Khaki election

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In British political history, a khaki election is any national election which is heavily influenced by wartime or postwar sentiment.[1] In the British general election of 1900, the Conservative Party government of Lord Salisbury was returned to office with an increased majority over the Liberal Party. The reason for this name is that the main issue of the election was the Second Boer War, as "khaki" was the colour of the relatively new military uniform of the British army that had been universally adopted in that war.[1]

The term was later used to describe two later British elections, the 1918 general election, fought at the end of the First World War and resulting in the huge victory of David Lloyd George's wartime coalition government, and the 1945 general election, held during the closing stages of the Second World War, where the Labour Party candidate, Clement Attlee, won by a landslide.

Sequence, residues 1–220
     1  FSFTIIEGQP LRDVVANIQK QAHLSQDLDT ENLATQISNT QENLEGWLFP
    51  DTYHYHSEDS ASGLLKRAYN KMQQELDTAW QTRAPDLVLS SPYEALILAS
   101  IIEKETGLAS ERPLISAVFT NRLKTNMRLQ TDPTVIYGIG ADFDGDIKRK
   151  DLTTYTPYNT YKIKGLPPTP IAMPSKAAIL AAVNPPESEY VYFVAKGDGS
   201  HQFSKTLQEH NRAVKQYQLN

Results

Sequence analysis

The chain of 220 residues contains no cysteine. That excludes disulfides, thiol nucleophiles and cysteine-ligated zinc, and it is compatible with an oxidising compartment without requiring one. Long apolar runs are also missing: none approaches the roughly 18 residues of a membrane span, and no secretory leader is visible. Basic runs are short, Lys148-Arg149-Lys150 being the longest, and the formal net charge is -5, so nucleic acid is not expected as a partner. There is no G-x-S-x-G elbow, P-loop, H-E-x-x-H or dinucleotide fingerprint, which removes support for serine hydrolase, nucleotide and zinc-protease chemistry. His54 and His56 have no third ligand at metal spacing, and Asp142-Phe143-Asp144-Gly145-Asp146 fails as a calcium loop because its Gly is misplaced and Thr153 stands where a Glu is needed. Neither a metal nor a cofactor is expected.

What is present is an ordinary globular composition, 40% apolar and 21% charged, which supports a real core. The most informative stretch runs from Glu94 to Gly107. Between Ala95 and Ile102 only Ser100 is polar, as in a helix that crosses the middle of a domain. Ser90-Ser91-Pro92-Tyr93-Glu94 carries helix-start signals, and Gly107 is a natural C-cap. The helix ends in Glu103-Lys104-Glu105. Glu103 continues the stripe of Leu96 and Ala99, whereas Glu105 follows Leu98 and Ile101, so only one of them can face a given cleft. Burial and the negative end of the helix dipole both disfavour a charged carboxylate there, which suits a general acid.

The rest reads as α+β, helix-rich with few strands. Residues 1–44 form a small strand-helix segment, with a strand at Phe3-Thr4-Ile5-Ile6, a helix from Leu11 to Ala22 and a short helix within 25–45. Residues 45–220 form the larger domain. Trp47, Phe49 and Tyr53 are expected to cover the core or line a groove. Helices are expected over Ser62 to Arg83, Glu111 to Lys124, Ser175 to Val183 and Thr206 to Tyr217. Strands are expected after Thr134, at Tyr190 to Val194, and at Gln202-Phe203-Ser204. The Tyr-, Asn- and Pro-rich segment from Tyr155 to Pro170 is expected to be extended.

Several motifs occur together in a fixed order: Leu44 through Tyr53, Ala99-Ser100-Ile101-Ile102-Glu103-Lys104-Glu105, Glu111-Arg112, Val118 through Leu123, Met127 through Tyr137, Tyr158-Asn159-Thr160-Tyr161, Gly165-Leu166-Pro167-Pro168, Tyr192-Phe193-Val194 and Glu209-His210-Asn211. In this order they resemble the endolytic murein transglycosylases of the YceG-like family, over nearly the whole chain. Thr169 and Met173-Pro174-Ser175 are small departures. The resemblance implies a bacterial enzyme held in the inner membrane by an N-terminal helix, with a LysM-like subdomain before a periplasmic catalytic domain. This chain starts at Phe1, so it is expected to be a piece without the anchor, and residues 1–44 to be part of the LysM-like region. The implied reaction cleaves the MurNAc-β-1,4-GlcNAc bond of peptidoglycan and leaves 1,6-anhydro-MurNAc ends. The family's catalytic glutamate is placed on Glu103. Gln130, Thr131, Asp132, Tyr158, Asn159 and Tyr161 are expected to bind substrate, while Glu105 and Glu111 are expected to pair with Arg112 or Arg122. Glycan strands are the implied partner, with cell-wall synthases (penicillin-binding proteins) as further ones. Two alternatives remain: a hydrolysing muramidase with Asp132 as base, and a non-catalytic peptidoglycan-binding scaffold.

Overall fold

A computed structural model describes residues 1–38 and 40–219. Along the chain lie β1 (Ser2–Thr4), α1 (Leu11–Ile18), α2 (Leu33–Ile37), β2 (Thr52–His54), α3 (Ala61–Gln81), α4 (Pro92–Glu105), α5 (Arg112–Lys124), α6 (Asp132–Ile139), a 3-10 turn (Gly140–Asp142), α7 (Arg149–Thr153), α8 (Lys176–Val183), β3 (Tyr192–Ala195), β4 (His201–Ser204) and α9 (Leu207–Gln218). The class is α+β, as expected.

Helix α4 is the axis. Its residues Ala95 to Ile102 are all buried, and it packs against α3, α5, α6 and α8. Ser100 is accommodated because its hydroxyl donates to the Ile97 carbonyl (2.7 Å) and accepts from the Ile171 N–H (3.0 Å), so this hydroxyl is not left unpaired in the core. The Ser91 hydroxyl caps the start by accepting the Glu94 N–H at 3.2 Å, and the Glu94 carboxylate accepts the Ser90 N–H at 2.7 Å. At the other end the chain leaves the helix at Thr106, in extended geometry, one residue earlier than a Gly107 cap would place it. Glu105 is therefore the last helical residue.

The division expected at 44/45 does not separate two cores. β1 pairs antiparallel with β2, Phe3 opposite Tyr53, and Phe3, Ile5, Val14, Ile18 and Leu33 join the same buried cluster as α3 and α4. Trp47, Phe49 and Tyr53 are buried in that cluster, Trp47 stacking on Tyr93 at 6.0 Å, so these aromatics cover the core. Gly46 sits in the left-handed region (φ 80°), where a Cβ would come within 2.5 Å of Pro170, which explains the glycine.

The term is also applied to the 1917 Canadian federal election, which was held during the First World War.[2] By allowing servicemen and women related to servicemen to vote, Sir Robert Borden's Unionist Party won a majority.


  1. ^ a b Mason, Ian Garrick (31 October 2004). "Kerry needn't settle for honorable defeat". San Francisco Chronicle. Retrieved 17 June 2014. 
  2. ^ James, Alanna (Fall–Winter 2012). "Prince Edward Island and the 1917 Election: Part Two". the Island Magazine (70): 23. Retrieved 17 June 2014. (subscription required (help)).